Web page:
By Jack Sherwood
There’s a price to pay before reaching the retreat of Muddy Creek bay on Maryland’s Western Shore in Edgewater, a hideaway gunkhole and federally protected wildlife sanctuary. A boater in search of summer tranquility must first run a gauntlet of hectic nautical activity on the upper Rhode River so feverish that the river-fronted Camp Letts suspends all water-related activities on busy boating weekends.
However, once you dodge the raft-ups, kayakers, canoeists, water skiers and zipping PWC to get behind Big Island, a 2,800-acre world of nature preserved by the Smithsonian’s Environmental Research Center awaits. (The center isn’t open to dinghy landings; only to those arriving by land vehicle.)
Oddly, most Chesapeake cruising guides make no mention of the fact that this undeveloped western side of the Rhode is owned and protected by the Smithsonian. But what has attracted most boaters to the upper Rhode are two islands: High and Flat. Big Island is a posted Smithsonian bird sanctuary and off limits. The other two islands (or what’s left of them) are fair game and have been seriously eroded by heavy human and boat traffic, and no posted speed limit to keep wakes down. (Other uninhabited islands attracting maritime multitudes on the upper Western Shore are
Dobbins, on the Magothy River, and Hart-Miller, a man-made
spoil island off Middle River.)After entering Rhode River off West River, immediately to port is a quiet, popular anchorage known as Half-Moon Bay. It’s for cruisers who don’t want to deal with the maritime mayhem just around the bend less than a mile upriver.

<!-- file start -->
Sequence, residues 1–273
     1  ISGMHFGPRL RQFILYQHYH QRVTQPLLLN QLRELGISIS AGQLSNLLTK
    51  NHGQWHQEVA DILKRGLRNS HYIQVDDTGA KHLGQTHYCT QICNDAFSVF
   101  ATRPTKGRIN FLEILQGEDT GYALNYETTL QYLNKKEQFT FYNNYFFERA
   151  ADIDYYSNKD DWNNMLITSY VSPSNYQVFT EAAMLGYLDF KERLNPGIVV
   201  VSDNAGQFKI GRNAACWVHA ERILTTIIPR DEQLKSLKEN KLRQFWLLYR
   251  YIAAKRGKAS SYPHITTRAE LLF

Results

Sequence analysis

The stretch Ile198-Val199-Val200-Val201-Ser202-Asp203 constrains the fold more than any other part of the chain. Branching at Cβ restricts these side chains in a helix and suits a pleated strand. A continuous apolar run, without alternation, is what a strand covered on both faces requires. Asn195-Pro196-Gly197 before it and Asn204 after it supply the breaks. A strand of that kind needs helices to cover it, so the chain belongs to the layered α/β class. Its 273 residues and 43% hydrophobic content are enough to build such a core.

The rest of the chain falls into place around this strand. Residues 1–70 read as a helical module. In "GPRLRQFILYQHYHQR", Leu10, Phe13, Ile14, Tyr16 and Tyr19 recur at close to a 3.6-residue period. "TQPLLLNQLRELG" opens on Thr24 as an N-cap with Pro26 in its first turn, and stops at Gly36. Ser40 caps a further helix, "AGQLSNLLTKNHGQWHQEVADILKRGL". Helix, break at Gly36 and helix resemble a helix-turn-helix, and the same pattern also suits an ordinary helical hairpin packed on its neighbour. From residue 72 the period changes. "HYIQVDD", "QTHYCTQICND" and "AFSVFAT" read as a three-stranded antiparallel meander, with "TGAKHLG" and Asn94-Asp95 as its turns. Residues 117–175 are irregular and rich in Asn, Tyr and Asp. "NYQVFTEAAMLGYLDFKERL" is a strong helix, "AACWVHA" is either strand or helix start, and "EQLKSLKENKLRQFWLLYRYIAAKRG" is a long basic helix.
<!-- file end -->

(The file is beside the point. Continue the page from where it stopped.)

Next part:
But if it’s islands you are after, the first one (if you can see it) has the ironic name of High because it once had an elevation of 40 feet. It now has no elevation and is underwater at high tide with nothing to mark the shoal. In an area so dominated by the Smithsonian, it seems a pity that endless swarms of visitors climbing High’s sandy hill caused it to collapse and dissolve to nothing. Flat, the second sister island encountered, also is suffering the same fate.
But just beyond this hectic anchorage is a quiet world that many overlook, whose waters are open to boaters even if the shore is not. Turning the southwest corner at Big Island into water with 5- and 6-foot depths, little Muddy Creek bay opens up beyond Contees Wharf. It is, in its own way, an ideal gunkhole hidden among the shores of Fox, Muddy, and Boathouse creeks — all in a natural state of preservation that will never be developed.
These creeks and marshes, while shallow, are rich in wildlife and may be explored by dinghy, canoe or kayak, though no-trespassing signs are posted. The rule of silence is quietly obeyed here, unlike the opposite side of Big Island, where humans abound.
The developed shore of the Rhode is the complete opposite of the shore owned by the Smithsonian. Cadle, Sellman, Bear Neck and Whitemarsh creeks on this developed shoreline are crowded with homes, marinas and boatyards.
There also is a little-known county pier and landing open to the public at the end of Carrs Wharf Road. (Look for the signs on shore and a portable toilet.)
Just a few miles farther along West River is the charming village of Galesville, which also has a pubic pier and dinghy landing, in front of the Topside Restaurant. This pier, popular with crabbers (known locally as “chicken neckers”), is flanked by two other restaurants on the water.
Just a short stroll from the dock is a delightful country store with a front porch, benches and outside tables for al fresco dining. It offers sandwiches, homemade pies and groceries. Nearby is a package store selling beer, wine, liquor and ice. One of the Chesapeake’s oldest and acclaimed marinas and boatyards, Hartge’s Yacht Yard, also is located in Galesville. (Check NOAA chart 12270 for help navigating.)
Check out the other parts to our Gunkholing series:
Explore our picks for 10 great gunkhole getaways:
Learn The Art of Gunkholing
Or introduce yourself to "Mr. Gunkhole."